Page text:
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International Journal of Alzheimer’s Disease
Volume 2010 (2010), Article ID 972685, 6 pages
http://dx.doi.org/10.4061/2010/972685
Review Article

Diagnostic Tests for Alzheimer's Disease: Rationale, Methodology, and Challenges

1Centre of Mental Health, Imperial College London, London W6 8LN, UK
2Nuffield Department of Medicine, University of Oxford, Oxford OX3 7LJ, UK

Received 27 April 2010; Accepted 1 July 2010

Academic Editor: Henrik Zetterberg

Copyright © 2010 S. E. Mason et al. This is an open access article distributed under the Creative Commons Attribution License, which permits unrestricted use, distribution, and reproduction in any medium, provided the original work is properly cited.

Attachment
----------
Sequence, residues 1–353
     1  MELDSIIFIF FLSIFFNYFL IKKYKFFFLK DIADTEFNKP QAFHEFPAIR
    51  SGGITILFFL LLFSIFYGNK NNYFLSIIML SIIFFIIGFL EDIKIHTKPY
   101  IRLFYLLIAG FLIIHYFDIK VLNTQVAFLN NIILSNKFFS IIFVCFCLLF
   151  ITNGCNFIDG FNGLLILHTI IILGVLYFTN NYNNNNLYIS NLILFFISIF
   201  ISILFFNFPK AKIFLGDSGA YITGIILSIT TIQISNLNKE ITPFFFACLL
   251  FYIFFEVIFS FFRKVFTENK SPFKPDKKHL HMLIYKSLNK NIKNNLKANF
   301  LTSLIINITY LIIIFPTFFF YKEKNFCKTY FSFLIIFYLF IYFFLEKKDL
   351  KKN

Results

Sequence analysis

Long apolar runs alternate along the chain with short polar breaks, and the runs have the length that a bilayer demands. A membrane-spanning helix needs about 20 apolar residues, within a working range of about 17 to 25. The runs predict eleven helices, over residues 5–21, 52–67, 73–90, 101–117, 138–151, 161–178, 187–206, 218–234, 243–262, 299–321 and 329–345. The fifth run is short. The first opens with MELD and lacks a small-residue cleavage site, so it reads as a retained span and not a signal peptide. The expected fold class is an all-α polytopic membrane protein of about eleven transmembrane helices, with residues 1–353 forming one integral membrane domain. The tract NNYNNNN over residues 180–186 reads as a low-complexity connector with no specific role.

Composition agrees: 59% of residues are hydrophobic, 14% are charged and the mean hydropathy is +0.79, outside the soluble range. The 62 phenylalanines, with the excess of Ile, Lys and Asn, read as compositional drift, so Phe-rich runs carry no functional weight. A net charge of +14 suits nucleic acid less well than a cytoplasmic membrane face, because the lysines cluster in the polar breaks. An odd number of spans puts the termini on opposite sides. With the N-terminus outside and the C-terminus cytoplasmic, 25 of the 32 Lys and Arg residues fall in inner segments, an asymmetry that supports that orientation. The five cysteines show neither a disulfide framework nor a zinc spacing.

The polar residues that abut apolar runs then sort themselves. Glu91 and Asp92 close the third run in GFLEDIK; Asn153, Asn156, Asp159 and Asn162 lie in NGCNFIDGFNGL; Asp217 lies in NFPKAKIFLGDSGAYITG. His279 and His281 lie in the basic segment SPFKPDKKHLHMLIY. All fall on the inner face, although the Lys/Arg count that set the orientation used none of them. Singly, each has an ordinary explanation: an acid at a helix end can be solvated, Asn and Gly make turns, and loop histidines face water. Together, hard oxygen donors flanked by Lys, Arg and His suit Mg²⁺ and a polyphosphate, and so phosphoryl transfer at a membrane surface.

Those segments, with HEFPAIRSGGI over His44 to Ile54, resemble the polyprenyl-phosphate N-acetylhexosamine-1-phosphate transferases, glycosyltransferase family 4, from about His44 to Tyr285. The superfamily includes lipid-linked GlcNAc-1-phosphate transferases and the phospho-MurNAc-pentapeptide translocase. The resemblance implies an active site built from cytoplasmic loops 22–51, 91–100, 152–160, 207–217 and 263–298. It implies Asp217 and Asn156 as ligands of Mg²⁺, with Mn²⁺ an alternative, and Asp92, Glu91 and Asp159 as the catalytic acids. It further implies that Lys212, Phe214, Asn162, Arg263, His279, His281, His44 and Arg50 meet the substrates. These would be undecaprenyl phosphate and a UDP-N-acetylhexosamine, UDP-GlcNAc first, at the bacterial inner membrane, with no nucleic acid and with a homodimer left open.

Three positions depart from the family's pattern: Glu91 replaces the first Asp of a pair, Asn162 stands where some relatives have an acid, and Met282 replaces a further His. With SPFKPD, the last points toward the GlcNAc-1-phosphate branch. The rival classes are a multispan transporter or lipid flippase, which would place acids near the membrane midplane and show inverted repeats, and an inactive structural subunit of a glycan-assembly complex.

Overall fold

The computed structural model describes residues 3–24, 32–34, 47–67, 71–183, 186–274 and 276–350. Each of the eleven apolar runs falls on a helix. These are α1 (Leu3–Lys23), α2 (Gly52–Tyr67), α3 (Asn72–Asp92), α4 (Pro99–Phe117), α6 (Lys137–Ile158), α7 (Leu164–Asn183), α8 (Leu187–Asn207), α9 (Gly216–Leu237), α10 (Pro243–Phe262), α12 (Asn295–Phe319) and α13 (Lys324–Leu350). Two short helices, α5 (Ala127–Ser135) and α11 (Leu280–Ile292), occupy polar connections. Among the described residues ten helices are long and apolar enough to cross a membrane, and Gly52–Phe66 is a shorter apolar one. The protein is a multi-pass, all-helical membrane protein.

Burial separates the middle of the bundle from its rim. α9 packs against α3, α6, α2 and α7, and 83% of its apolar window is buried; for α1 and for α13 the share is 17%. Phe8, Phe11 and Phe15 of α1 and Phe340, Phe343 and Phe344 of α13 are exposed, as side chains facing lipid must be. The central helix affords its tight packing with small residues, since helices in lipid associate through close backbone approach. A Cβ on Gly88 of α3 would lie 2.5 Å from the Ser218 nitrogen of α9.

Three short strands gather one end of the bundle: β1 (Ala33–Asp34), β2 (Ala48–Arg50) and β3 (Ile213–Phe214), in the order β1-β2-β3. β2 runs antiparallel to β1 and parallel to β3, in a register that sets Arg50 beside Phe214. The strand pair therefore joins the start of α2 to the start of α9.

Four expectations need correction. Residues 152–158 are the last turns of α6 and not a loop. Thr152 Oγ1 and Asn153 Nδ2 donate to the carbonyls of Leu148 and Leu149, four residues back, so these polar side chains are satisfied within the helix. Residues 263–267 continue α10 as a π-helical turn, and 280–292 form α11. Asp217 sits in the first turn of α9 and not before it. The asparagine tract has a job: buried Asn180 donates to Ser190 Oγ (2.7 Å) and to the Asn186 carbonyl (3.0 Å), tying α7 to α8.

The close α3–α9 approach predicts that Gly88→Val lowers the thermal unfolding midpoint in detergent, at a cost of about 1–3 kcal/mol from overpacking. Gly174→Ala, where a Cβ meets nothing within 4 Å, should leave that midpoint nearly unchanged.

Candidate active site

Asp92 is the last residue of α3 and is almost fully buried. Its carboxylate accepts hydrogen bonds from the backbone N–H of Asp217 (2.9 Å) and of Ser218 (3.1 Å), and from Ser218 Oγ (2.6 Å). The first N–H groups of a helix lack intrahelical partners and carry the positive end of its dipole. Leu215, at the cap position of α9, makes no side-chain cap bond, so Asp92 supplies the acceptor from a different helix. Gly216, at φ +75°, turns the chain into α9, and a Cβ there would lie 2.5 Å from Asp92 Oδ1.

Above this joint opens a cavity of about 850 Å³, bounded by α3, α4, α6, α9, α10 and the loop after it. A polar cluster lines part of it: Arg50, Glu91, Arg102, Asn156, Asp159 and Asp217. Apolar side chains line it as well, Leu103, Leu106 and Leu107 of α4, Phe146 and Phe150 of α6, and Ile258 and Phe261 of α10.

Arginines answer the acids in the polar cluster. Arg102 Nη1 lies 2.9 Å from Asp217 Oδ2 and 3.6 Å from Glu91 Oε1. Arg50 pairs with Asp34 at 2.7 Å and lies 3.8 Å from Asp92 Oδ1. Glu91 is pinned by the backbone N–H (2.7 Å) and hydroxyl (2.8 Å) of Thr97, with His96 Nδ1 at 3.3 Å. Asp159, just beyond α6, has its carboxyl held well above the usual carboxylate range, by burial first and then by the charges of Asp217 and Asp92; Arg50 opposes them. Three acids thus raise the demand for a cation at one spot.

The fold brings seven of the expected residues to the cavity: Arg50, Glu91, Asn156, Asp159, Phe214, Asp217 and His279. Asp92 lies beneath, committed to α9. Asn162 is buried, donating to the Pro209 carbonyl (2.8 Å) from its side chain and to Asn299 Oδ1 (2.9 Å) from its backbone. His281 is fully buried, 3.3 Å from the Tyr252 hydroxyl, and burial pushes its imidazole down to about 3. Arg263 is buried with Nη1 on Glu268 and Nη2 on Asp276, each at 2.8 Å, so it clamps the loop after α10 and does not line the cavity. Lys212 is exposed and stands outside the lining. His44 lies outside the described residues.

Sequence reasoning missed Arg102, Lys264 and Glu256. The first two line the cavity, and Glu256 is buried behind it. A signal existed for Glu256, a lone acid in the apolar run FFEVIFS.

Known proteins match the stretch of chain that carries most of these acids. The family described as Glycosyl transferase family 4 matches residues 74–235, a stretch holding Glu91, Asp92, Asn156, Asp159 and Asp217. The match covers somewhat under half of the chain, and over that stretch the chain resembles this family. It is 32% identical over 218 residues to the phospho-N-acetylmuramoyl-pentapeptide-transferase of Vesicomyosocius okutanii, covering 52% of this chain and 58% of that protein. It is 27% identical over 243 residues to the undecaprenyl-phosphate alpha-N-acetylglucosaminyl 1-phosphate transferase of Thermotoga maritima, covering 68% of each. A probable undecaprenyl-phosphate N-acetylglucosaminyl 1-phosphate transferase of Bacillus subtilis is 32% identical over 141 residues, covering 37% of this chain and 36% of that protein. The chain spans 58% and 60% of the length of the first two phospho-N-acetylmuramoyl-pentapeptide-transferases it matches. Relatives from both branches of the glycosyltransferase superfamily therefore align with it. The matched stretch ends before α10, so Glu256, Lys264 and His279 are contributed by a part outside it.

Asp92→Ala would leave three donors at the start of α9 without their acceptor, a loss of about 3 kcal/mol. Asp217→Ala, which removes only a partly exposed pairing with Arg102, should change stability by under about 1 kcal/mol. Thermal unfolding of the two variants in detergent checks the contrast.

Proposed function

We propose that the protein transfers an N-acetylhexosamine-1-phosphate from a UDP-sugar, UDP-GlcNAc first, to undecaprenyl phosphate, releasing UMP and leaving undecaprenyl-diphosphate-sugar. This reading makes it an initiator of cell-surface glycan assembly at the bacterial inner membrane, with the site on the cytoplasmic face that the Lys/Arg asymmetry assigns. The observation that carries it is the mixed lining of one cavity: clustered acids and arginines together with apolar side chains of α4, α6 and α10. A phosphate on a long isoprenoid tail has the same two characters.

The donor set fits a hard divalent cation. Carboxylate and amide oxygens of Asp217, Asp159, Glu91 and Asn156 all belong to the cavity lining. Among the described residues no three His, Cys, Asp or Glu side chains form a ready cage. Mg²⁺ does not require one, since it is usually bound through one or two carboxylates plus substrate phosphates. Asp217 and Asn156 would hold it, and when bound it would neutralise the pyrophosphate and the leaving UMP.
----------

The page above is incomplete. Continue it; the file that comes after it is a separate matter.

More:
Abstract

There has been a large increase in the amount of research seeking to define or diagnose Alzheimer's disease before patients develop dementia. If successful, this would principally have clinical benefits both in terms of treatment as well as risk modification. Moreover, a better method for diagnosing predementia disease would assist research which seeks to develop such treatments and risk modification strategies. The evidence-based definition of a diagnostic test's accuracy is fundamental to achieve the above goals and to address this, the Cochrane Collaboration has established a Diagnostic Test Accuracy group dedicated to examining the utility and accuracy of proposed tests in dementia and cognitive impairment. We present here the assumptions and observations underpinning the chosen methodology as well as the initial methodological approach decided upon.